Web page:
Finally, seven hours and four aching feet later, we were walking through the streets of Cusco again. We trudged back down to Plaza de Armas where our trip had started, and sat in front of the Catedral del Cusco. It was a fitting if not morbid end to the trip, sitting before the works of the Spanish conquerors who laid waste to the Incan empire only a few hundred years ago. With guns and horses, they captured Cusco in 1533 and made it their base for Spanish colonization of the Andes. They spread Christianity and suppressed Incan beliefs and political systems, building new edifices of power while the remains of the Inca civilization faded. The Incans may have made the temples, walls, and fortresses, but these conquerors made the ruins we saw today.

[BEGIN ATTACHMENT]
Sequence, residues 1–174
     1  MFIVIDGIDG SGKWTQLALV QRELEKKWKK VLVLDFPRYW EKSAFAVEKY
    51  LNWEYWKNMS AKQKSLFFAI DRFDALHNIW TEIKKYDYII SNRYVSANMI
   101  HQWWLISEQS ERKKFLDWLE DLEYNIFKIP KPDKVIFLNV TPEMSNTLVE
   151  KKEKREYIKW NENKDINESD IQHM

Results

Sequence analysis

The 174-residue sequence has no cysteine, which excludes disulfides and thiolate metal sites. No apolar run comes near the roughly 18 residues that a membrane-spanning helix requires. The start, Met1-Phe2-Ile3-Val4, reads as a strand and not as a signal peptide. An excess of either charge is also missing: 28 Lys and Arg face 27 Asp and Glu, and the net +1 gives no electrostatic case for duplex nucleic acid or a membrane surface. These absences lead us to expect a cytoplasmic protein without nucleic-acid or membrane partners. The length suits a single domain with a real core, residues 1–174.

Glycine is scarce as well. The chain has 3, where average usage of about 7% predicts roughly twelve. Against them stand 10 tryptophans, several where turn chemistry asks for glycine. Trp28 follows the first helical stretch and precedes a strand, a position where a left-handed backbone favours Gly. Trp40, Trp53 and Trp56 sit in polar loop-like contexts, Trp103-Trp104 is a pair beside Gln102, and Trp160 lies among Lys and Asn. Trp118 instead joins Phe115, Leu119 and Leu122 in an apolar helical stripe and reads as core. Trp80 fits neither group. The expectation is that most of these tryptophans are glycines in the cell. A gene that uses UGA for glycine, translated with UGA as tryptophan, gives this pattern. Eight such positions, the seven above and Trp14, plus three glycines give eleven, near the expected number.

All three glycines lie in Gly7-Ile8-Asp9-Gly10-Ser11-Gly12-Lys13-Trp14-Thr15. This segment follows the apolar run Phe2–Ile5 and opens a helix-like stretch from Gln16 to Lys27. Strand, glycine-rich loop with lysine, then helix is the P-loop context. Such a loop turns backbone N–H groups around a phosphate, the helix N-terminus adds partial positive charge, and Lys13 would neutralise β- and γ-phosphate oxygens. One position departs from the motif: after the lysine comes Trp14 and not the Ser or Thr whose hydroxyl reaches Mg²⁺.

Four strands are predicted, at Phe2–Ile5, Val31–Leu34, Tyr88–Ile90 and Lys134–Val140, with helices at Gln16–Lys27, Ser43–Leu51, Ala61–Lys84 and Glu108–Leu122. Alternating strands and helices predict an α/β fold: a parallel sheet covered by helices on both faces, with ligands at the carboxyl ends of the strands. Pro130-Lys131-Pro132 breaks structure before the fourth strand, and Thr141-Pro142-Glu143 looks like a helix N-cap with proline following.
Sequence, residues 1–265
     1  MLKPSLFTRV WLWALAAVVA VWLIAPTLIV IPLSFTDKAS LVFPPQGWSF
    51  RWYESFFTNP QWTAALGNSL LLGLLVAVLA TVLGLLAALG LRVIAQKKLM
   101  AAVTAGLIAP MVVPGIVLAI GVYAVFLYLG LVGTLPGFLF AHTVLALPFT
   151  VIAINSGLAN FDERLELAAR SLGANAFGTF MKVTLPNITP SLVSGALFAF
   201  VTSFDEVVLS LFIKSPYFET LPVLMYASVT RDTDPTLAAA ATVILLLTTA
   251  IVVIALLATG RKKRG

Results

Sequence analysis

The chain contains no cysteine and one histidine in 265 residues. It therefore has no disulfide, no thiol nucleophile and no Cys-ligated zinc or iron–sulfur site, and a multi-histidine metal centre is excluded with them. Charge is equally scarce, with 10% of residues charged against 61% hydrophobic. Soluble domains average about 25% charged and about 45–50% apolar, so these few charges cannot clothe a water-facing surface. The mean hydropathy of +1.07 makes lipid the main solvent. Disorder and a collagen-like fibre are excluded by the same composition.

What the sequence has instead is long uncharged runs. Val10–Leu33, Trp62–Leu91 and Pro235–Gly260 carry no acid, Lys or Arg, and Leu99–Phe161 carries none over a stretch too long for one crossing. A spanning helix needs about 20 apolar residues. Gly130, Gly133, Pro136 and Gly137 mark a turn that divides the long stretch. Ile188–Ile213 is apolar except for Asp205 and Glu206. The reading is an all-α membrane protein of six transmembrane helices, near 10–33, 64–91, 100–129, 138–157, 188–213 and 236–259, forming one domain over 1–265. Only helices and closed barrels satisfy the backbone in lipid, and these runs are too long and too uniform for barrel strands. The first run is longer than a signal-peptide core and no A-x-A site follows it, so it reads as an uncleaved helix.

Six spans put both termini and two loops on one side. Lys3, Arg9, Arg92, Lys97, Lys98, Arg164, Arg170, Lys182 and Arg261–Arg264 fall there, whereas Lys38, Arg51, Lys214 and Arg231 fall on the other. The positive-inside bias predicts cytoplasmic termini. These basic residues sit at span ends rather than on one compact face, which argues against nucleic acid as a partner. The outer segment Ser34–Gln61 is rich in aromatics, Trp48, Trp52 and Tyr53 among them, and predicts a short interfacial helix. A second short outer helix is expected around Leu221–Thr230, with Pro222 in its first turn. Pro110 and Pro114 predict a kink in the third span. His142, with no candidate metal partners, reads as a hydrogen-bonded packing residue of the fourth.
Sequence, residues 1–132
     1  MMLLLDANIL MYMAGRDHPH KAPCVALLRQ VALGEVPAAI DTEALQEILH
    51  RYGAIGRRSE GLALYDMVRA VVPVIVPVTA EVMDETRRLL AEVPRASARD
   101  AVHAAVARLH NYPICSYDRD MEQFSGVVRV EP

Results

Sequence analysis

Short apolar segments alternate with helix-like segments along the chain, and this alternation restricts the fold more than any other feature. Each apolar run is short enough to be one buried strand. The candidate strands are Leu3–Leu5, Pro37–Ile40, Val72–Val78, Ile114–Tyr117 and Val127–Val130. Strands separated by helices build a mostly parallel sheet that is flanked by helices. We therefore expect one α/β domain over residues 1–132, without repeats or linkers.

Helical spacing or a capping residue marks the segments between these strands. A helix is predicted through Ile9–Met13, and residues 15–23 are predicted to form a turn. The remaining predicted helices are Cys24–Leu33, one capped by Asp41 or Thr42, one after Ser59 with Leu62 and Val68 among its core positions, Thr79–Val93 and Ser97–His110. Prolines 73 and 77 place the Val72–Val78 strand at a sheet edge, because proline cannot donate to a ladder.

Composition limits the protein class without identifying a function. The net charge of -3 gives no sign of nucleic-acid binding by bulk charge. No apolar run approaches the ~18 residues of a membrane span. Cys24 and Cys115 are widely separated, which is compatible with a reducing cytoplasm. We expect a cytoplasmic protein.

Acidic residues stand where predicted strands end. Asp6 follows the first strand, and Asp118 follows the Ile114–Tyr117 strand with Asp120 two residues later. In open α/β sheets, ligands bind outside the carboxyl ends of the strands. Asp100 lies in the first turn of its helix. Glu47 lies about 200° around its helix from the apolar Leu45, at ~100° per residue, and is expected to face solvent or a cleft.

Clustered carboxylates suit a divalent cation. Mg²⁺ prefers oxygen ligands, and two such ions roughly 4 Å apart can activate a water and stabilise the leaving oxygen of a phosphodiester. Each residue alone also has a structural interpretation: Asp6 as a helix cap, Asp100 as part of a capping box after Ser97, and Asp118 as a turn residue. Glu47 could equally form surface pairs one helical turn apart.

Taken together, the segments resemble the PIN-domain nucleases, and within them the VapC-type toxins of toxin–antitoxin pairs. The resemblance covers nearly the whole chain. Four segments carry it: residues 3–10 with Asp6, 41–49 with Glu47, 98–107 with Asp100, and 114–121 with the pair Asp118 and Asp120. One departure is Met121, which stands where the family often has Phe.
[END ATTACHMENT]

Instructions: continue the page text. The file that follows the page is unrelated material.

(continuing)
And as for the verdict on our condition after the hike? We’re exhausted but not dead exhausted and not injured, nor had we suffered any dizziness or fainting from the altitude. I’m pretty sure we’re ready for the Salkantay.